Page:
From a Small Village in Luxor to the City of Learning
Enthusiastic to embark on a journey full of exploration, discoveries and learning opportunities, Walaa Mahmoud, the first recipient of the Shokry Diab Public School Scholarship, recently met for the first time her mentor Farah Diab ’14, who provided her with this life-changing opportunity to come to AUC.
Thankful for her experience at AUC, Farah Diab and her father Shokry wanted to provide a female student from a low-income family outside of Cairo with the same learning opportunities she had at AUC. Diab explained that she and her father are both inspired by the saying, “If you educate a man, you educate an individual, but if you educate a woman, you educate a family (nation),” attributed to Ghanaian scholar Dr. James Emmanuel Kwegyir-Aggrey (1875 - 1927). They believe that there are more opportunities for women in Cairo if they are given the right chance to excel and prosper.
Following in her father’s footsteps, Diab, a psychology graduate, is currently enrolled in life coaching courses for individuals and organizations in Dubai, and is looking forward to mentoring Mahmoud during her studies at AUC.
Coming from a small village outside of Esna, Luxor, Mahmoud has traveled all around Egypt but never outside the country. She thought the culture shock of joining AUC would be bigger than it actually was, but since she enjoys watching American movies and documentaries, and reading English-language books, she felt comfortable once she got here. She joked, however, that she did have a similar experience from a scene in the Egyptian movie A Student from Upper Egypt at AUC.
Mahmoud applied to many universities and had resigned herself to having to go to Aswan University in case she didn’t receive any financial aid. “When I found out I got into AUC, I couldn’t stop crying for the following 24 hours,” she recalled.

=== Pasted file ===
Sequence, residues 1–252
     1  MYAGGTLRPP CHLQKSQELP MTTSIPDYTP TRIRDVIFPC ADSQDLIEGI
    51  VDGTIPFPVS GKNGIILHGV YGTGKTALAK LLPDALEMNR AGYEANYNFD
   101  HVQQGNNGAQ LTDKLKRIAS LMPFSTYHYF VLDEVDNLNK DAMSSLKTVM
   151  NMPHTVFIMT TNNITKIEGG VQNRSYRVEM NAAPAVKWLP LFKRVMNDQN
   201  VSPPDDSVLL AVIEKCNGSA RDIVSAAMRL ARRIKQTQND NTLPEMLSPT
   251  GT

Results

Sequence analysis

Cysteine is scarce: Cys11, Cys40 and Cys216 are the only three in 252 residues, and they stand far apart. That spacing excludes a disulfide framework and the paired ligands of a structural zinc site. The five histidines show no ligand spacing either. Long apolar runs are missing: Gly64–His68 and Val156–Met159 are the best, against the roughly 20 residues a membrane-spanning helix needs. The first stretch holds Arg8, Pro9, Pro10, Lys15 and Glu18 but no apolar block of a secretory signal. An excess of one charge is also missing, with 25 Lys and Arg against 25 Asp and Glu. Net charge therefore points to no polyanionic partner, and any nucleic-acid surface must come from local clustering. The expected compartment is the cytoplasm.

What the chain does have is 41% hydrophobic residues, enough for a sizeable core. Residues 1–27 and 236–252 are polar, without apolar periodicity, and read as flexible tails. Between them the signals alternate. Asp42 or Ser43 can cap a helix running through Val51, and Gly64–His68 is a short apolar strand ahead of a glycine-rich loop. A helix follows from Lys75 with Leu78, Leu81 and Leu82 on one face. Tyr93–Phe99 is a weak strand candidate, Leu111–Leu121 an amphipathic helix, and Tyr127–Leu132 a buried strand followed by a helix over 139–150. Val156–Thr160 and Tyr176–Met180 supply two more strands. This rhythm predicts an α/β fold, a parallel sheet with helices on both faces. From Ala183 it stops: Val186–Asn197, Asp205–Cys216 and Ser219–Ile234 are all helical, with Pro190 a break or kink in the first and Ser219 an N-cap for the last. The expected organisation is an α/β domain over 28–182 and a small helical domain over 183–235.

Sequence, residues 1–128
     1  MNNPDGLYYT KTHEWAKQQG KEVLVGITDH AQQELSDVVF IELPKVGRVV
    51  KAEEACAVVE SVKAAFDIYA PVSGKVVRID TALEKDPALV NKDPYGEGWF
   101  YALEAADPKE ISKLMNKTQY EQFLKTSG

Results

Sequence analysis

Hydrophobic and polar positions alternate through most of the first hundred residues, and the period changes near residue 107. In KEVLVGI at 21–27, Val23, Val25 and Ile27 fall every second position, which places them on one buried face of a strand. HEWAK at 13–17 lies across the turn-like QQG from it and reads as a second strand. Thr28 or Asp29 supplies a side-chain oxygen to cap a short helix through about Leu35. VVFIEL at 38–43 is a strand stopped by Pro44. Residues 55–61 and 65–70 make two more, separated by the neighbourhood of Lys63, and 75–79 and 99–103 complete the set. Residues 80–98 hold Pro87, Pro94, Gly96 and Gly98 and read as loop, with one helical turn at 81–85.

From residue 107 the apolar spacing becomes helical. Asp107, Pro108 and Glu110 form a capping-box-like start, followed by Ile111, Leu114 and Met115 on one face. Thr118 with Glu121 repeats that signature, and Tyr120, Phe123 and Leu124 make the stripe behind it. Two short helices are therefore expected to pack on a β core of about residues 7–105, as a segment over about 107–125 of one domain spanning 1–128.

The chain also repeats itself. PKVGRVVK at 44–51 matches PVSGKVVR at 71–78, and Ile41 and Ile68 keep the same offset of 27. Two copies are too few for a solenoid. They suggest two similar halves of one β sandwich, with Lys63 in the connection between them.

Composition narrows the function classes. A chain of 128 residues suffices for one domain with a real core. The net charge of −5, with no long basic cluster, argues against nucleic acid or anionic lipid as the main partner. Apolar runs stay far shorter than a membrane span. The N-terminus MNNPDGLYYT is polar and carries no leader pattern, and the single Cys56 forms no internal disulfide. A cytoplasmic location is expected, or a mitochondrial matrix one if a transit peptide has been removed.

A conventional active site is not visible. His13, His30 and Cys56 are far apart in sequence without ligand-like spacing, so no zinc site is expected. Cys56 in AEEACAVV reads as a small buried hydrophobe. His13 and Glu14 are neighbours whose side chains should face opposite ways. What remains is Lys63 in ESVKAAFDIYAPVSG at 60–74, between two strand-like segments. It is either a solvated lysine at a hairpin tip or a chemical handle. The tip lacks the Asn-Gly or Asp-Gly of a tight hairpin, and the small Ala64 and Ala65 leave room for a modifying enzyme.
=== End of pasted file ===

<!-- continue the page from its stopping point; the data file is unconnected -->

Mahmoud is currently undeclared and is excited to take many different courses to figure out what she likes. “I am looking forward to meeting people who come from all around the world, but I am concerned that I may have a hard time maintaining my identity,” Mahmoud expressed anxiously. Diab responded to Mahmoud’s concern, saying, “The most important thing is that you are already aware of these feelings. Have confidence in yourself and try new things. You already know who you are and will continue to be true to yourself.”
Diab has also advised Mahmoud to join as many clubs as possible to get out of her comfort zone and to develop her social and communication skills. “I have met people who participated in clubs and those who didn’t, and it makes all the difference in the world,” said Diab. “People in clubs are all very passionate. You will make connections for life and you will meet completely different kinds of people.” Mahmoud is thinking of joining AIESEC so she can get the chance to travel and connect with people from different backgrounds and mindsets.
Diab graduated from Modern English School in Cairo and attended AUC with many of her high school friends. She is aware that Mahmoud is making a big change, and attending AUC on this scholarship is going to be a life-changing experience for her.